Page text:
Last week we gave iOS users a preview of what automakers are doing to better marry smartphones to their cars. This week, we’ll look at the other side of the coin and detail how Google is doing the same with Android Auto.
What is Android Auto?
If you’re one of the millions of people who use Android, Google’s mobile operating system, you’re probably used to asking Google questions on the go, finding your way around using Google Maps, and accessing all of your favorite songs via Google Play. Until now, this has been easy to do via your phone or tablet, but when you get in the car, you have to set those things aside and rely on whatever interface has been provided by the manufacturer.
That’s going to change with Android Auto. If you’ve ever thought life would be easier if your car and phone spoke the same language, you’re not alone. Using Android Auto, your car will play your music via Google Play, give you directions via Google Maps, and take advantage of a variety of other apps that you use on a daily basis.
How does Android Auto work?
The best part about this is how easy it is to use. You just plug your phone into your car and immediately have access to music, contacts, and messages while on the road.
From there, you can use all of the inputs native to your car to interact with the Android system. If your car’s interface uses buttons, you control Android Auto with those buttons. If it has a touchscreen, you use the touchscreen. If it uses voice commands, then you can take advantage of Google’s best-in-class voice controls.
Best of all, your phone will keep track of whatever you tell it while in the car, even when you aren’t driving. Say you set a reminder for yourself to pick up eggs from the grocery store while you’re on your way to work in the morning. Your phone will take note of this during your commute, then remind you before you leave the office. Android Auto does all that it can to prepare you for the road ahead.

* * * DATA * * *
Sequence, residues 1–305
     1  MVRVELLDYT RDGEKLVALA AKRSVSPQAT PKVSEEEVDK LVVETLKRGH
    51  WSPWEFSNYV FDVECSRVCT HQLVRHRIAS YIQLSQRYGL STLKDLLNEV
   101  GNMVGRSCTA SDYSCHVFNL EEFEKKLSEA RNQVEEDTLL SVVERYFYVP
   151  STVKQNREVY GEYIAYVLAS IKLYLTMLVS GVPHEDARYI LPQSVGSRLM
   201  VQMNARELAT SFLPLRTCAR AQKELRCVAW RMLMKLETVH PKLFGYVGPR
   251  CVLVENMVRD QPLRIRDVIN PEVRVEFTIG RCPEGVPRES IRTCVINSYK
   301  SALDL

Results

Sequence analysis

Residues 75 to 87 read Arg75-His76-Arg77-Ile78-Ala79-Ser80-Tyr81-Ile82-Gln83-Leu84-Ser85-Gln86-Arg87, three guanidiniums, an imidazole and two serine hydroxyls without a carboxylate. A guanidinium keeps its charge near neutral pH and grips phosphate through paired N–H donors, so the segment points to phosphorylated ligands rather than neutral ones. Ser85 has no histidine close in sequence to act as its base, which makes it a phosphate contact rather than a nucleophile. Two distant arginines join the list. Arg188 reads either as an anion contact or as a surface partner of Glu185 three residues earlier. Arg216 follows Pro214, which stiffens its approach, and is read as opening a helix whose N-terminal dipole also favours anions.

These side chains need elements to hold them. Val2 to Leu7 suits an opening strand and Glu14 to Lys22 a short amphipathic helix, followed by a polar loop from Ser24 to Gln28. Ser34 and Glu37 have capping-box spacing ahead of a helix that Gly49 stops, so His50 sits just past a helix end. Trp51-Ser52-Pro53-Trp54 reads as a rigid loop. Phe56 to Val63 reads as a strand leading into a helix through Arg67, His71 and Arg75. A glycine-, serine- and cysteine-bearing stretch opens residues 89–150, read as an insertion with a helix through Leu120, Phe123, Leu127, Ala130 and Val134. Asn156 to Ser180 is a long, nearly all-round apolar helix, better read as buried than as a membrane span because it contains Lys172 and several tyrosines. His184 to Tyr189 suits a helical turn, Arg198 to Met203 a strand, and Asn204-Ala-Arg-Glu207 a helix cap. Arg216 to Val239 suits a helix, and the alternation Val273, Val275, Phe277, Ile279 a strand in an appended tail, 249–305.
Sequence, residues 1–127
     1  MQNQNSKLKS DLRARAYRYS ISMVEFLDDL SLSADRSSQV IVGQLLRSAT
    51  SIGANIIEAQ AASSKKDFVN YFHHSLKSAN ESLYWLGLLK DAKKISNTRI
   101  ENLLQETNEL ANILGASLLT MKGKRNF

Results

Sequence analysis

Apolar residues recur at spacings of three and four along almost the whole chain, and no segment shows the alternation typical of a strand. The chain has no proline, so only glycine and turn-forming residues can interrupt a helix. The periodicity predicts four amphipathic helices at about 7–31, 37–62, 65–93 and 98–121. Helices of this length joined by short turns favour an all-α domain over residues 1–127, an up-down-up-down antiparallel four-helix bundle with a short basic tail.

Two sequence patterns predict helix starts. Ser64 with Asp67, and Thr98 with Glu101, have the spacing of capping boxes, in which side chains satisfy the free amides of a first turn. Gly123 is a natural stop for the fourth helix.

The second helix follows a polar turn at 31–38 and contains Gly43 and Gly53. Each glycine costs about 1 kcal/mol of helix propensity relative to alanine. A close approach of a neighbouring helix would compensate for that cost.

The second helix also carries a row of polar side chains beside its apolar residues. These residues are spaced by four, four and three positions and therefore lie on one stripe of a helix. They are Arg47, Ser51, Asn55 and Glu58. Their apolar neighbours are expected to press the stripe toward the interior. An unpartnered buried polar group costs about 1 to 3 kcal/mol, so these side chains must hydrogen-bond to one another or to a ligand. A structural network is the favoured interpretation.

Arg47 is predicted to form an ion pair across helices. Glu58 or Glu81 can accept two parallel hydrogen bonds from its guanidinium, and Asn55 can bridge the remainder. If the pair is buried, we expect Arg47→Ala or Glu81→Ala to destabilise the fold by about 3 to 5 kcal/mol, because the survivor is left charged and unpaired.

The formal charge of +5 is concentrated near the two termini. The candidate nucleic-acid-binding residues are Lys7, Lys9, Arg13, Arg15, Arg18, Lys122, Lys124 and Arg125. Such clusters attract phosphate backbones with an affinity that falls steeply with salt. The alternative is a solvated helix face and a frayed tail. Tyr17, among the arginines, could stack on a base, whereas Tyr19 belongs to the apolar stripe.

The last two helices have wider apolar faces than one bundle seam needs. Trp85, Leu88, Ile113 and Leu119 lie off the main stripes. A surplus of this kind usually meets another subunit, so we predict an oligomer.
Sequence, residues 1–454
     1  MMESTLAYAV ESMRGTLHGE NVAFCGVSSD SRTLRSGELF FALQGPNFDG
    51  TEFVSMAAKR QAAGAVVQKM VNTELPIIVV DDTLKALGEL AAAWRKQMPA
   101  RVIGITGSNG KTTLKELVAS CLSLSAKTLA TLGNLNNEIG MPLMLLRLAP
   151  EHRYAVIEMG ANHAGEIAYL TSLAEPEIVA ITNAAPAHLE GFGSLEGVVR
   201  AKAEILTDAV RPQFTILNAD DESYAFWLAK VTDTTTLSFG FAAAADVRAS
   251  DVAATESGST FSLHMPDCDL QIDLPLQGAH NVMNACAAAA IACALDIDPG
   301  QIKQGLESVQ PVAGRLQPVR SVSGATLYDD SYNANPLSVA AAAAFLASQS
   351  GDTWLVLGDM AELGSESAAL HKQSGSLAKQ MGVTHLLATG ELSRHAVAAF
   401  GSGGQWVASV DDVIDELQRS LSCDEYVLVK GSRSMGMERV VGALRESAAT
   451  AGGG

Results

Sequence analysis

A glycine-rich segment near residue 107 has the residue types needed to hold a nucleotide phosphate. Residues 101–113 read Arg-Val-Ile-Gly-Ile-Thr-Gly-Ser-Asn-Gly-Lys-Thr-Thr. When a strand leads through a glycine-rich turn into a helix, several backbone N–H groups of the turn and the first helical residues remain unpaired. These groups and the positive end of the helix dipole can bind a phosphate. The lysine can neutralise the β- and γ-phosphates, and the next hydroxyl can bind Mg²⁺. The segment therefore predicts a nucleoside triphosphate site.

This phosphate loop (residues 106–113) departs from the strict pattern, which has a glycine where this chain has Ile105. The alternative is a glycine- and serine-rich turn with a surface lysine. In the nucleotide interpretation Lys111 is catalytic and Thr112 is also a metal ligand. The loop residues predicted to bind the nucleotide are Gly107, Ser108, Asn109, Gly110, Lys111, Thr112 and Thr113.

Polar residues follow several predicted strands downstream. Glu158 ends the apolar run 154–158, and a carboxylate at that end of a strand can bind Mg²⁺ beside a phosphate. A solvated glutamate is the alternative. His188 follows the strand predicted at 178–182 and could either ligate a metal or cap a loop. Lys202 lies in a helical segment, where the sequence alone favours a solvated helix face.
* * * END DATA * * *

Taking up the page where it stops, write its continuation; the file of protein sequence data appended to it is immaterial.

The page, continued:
Will Lincoln support Android Auto?
Currently, there are twenty-eight brands working on integrating Android Auto into their future models, as listed on the official website. Lincoln is not directly listed, however Ford is. These three brands are closely related, so it could be that ours are left out for redundancy. If not, we’re still not fretting. Automakers don’t want your choice of smartphone to influence your choice of car, so seeing Lincoln vehicles that play nice with Android Auto in the future is something worth betting on.
Of course there is also the very real possibility that you aren’t even in the market for a new car right now, and this feature isn’t going to be backwards compatible with extant models. That doesn’t mean you can’t get Android Auto in the car you drive right now. There are already a number of aftermarket options popping up that you can look into.
We hope this post has answered your questions about Android Auto. Be sure to share it with your friends, family, and any other Android users you might know.
If you have any questions about the technology in your car or a car you’re interested in, call or visit us today at Leith Lincoln.